Children thrive in an intentional, nurturing environment designed to stimulate their natural curiosity about the world and to invite understanding through exploration and play. In an optimal setting for learning, the daily schedule, physical environment, and variety of sensory-rich materials provide themwith opportunities to make connections socially and cognitively, express their interests and build confidence in their natural abilities and unique approach to learning.
Attributes of open-ended, authentic play include
Play is the child’s natural ‘work’ and is essential to learning in early childhood. Through play, a child learns about her or himself and the world through self-created experiences. She can embellish roles and practice skills, imitating adult behavior and scaffolding comprehension. In the world of play there is no right or wrong way to bake bread, build a tower, create a costume from recycled paper, or paint at an easel. The work is controlled,directed and limited only by the child’s imagination, energy, and creativity.
A child engaged in open–ended play is invited to explorematerials having multiple uses and infinite possibilities. These include materials such as paint, clay, loose parts, sand, mud, water, blocks, silk scarves, and items that can ‘be’ anything a child envisions. Open play activities support children in more divergent reasoning, and a wider variety of ideas develops frominteracting with unrestricted materials alongside other people. They learn empathy, cooperation, problem solving, and develop skills of self-regulation while observing other’s applications and interpretations. Imagination is enhanced, and the ability to think symbolically builds skills of creativity and cognition. Social and emotional abilities are developed as children role-play and experiment, strengthening their understanding of other people and the world around them.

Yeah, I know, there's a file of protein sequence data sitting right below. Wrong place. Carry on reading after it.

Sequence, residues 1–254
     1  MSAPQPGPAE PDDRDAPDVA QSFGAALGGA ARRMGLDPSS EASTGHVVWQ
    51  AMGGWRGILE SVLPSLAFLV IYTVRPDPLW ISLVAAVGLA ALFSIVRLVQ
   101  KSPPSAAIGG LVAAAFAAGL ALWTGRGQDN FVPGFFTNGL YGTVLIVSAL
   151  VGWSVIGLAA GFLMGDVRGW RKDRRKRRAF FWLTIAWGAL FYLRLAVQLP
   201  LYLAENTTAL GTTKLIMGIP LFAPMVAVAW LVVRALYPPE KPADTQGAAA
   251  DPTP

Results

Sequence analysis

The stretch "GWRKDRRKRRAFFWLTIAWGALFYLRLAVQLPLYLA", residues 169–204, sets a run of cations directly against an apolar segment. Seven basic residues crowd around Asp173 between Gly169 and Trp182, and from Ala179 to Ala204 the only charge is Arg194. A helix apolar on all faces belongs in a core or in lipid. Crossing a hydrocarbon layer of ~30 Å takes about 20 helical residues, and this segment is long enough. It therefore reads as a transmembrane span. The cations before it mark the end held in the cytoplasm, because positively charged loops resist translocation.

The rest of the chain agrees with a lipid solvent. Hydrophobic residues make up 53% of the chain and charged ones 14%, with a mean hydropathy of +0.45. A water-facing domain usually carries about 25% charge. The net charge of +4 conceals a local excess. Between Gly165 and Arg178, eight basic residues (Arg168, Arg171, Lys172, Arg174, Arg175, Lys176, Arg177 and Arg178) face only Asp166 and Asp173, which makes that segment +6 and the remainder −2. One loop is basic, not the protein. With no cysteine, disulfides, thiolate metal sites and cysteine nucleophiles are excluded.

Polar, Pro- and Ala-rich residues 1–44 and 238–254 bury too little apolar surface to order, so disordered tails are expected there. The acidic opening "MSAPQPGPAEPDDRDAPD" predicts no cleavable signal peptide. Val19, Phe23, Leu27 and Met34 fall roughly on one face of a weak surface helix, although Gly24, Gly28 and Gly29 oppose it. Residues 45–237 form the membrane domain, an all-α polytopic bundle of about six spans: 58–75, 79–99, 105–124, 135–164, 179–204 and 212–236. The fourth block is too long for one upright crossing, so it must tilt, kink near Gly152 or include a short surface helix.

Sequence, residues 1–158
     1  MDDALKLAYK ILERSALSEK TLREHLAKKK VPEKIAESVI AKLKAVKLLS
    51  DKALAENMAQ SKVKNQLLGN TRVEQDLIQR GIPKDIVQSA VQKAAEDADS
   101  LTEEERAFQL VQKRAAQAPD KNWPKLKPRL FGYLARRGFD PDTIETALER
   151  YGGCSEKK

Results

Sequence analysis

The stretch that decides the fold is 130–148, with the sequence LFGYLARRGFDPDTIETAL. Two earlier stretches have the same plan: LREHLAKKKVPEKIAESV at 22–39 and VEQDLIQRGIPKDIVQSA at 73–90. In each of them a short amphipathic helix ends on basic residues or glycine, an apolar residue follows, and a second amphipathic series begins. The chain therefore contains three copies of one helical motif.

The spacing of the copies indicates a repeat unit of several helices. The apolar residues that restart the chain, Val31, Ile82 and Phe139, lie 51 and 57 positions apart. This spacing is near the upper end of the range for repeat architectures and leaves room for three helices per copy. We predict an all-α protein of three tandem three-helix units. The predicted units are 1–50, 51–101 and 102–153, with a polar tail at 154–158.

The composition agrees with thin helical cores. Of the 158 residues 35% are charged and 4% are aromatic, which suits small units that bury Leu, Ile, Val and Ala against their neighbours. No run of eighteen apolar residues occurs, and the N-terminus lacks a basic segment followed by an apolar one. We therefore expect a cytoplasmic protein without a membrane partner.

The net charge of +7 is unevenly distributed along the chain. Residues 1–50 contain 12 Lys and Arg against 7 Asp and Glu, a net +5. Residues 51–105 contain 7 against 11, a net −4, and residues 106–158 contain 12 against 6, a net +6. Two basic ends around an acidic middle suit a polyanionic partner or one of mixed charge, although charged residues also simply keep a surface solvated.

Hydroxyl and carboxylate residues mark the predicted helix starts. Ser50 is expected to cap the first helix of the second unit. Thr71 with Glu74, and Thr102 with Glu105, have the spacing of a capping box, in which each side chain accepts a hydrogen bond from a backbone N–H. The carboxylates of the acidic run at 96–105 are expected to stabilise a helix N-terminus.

An atmosphere of supportive play also affords educators a unique window into the widely-varying developmental levels of children. Within the safety of a playful environment, children do their ‘best work’. Observers can use these observations as an organic, valid assessment of interests, skills, and capability. With timed observations and careful documentation progress can be monitored more authentically in the context of play.
Children who are given time and space to pursue their individual interests, in their own time and without pressure to produce or achieve, develop the ability to see themselves as capable,compelling, social beings. A person who develops a robust core of self – confidence, with pleasure and pride in the process of discovery will welcome the challenges of everyday life in later childhood and in adulthood. “Nothing without joy!”